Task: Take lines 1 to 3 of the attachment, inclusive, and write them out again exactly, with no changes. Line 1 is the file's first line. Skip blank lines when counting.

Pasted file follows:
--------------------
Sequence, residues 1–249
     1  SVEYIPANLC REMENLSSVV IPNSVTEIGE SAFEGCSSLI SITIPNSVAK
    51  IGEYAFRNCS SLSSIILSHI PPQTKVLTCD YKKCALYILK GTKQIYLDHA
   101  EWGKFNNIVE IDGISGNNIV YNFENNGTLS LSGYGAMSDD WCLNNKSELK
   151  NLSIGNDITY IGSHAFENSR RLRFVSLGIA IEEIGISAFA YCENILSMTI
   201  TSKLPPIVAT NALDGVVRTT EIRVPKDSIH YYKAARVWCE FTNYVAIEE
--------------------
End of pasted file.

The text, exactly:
Sequence, residues 1–249
     1  SVEYIPANLC REMENLSSVV IPNSVTEIGE SAFEGCSSLI SITIPNSVAK
    51  IGEYAFRNCS SLSSIILSHI PPQTKVLTCD YKKCALYILK GTKQIYLDHA